Suderman: Well, to some extent this is unprecedented because first of all the Fed has created an unprecedented situation and not just the Fed but Congress as well. In fact, if I quote Tom Hoenig who was President of the Kansas City Federal Reserve, he said they've created a situation they've never been in before and they're going to have a difficult time getting out of this type of a situation. And with that money that has come in, there's roughly $6 trillion of stimulus that is in the system right now, about $1.6 trillion in surplus cash just floating in the system right now. And until they start shrinking their ballot sheet, withdrawing that stimulus, that is still in the system, that's in the markets. They haven't started doing that yet, they haven't even agreed on how they're going to do that yet, although they say we need to do it but they can't agree on how to do it. When they start doing that, that starts pulling money out of the markets. That is one of the things to watch for. When inflation starts coming down the funds will also be pulling money out. We haven't seen that yet. Right now we're looking at yields on treasuries as being negative in real terms because they are below what the inflation rate is. And so as long as we're looking at that type of situation we should see the funds really trying to hedge their inflation risks into commodities.

Yeager: All right, let's talk one last economic question and this one is about oil. Again, Bradley he had three great questions and this is the last one. If China starts buying Russia oil without using the U.S. dollar, will that deflate the U.S. currency and help export sales?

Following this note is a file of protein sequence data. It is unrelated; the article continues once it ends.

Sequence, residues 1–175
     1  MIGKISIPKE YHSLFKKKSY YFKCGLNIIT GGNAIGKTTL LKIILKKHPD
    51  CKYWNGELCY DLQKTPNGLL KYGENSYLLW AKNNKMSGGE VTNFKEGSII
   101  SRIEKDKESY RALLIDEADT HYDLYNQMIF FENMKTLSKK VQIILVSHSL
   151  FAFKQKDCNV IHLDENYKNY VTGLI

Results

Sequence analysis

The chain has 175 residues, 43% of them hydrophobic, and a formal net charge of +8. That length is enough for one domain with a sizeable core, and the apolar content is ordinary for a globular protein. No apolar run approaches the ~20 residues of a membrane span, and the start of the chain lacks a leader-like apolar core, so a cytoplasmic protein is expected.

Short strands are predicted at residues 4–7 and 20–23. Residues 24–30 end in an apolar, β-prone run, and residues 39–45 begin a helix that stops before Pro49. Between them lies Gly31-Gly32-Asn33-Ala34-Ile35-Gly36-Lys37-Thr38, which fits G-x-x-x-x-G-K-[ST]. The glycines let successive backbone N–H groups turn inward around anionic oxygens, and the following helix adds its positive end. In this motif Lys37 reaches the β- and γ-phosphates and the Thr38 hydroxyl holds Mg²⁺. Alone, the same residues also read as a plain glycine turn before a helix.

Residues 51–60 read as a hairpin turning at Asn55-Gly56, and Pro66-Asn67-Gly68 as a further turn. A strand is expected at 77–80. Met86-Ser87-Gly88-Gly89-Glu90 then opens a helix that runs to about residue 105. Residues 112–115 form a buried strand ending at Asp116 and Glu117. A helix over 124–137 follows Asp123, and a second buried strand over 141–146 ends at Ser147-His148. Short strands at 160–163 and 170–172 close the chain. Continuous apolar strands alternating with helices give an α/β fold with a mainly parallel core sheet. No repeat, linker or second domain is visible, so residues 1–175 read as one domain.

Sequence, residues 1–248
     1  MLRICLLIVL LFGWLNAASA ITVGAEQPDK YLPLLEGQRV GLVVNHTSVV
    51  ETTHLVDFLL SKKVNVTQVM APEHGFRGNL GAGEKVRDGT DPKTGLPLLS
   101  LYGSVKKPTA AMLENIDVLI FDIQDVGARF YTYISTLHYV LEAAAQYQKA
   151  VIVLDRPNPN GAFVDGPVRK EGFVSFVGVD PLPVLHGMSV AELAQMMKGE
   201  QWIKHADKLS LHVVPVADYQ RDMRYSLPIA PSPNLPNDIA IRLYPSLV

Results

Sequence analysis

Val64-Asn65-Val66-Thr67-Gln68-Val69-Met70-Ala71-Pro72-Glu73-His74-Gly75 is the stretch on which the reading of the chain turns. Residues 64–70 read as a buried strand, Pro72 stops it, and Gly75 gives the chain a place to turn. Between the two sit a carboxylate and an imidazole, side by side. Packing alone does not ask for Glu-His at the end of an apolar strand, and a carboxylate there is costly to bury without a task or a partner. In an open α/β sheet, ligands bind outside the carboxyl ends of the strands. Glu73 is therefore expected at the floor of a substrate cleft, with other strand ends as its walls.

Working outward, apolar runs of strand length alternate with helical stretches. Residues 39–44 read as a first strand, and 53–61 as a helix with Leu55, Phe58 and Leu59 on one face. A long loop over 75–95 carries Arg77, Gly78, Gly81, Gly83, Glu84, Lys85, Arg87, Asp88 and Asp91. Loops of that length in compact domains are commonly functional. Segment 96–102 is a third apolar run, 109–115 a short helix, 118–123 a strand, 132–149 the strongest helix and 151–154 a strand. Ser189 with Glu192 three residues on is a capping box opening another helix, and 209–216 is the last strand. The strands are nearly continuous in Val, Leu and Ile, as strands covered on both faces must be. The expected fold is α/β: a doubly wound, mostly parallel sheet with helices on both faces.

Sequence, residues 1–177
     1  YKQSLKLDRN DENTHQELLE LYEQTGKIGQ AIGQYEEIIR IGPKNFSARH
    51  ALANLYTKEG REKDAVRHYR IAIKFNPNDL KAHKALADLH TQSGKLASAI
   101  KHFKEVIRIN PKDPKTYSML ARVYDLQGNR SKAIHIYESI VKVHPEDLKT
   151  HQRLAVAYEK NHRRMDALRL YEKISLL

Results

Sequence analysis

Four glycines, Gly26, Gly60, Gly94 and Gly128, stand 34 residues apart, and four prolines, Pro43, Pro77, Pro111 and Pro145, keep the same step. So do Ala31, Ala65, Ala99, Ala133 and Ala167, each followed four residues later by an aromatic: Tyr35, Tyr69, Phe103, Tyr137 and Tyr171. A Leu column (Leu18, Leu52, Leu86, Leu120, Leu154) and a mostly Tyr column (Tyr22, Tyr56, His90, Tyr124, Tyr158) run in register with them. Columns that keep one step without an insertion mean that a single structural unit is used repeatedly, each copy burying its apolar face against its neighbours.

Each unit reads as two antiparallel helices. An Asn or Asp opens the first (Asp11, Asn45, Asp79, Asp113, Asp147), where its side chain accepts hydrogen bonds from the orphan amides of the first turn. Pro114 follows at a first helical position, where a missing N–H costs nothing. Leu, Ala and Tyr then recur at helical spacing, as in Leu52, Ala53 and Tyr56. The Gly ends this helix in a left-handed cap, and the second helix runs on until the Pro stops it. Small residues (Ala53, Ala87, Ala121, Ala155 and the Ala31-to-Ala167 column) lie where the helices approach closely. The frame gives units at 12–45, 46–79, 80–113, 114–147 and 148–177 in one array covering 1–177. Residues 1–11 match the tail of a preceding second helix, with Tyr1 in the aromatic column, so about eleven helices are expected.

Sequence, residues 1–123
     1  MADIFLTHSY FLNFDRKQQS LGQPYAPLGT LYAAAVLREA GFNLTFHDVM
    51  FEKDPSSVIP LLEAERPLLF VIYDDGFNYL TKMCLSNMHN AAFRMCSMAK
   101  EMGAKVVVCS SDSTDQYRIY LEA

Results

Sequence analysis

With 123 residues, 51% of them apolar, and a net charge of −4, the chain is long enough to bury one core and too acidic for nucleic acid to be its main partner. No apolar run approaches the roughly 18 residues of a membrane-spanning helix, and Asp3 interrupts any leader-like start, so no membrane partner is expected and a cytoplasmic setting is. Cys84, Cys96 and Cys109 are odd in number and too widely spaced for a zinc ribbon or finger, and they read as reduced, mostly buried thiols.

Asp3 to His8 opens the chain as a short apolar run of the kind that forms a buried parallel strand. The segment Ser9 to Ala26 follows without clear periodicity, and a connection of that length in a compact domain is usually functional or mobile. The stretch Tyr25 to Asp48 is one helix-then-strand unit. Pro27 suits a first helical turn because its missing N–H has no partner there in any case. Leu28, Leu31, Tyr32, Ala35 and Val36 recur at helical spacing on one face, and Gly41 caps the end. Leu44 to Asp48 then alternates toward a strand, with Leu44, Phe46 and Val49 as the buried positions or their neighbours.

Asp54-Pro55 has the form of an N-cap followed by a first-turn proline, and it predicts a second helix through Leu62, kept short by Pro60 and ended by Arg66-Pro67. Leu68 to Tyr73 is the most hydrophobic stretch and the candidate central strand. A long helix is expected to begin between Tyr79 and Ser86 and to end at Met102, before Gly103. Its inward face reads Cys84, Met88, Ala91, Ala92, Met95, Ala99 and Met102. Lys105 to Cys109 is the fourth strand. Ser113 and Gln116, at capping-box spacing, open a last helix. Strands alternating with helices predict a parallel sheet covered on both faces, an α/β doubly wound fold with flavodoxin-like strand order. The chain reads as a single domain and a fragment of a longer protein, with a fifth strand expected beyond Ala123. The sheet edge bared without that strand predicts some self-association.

Suderman: And I think we started seeing some of that at the end of the week when the dollar started breaking lower. It had been a safe haven currency because of the war and as the Euro fell and that is the other component, the dollar and the Euro go in opposite directions. But as China starts talking about doing business with Russia in yuans rather than in dollars we start seeing that demand for the dollar start to back off and the dollar start to erode. That does historically mean that it's positive for the commodities as well, as Bradley indicated, and so another factor to keep an eye on.

Yeager: All right, Arlan, appreciate the time, good to see you and we'll talk to you again soon.

Suderman: Thank you.

Yeager: All right. We want to let you know that that was Arlan Suderman. And I also want to let you know that next week Elaine Kub will be back with us and we're also going to talk about a look at a land lease program in Colorado that is benefiting schools. We'll see you next time. Thanks for watching. Bye bye.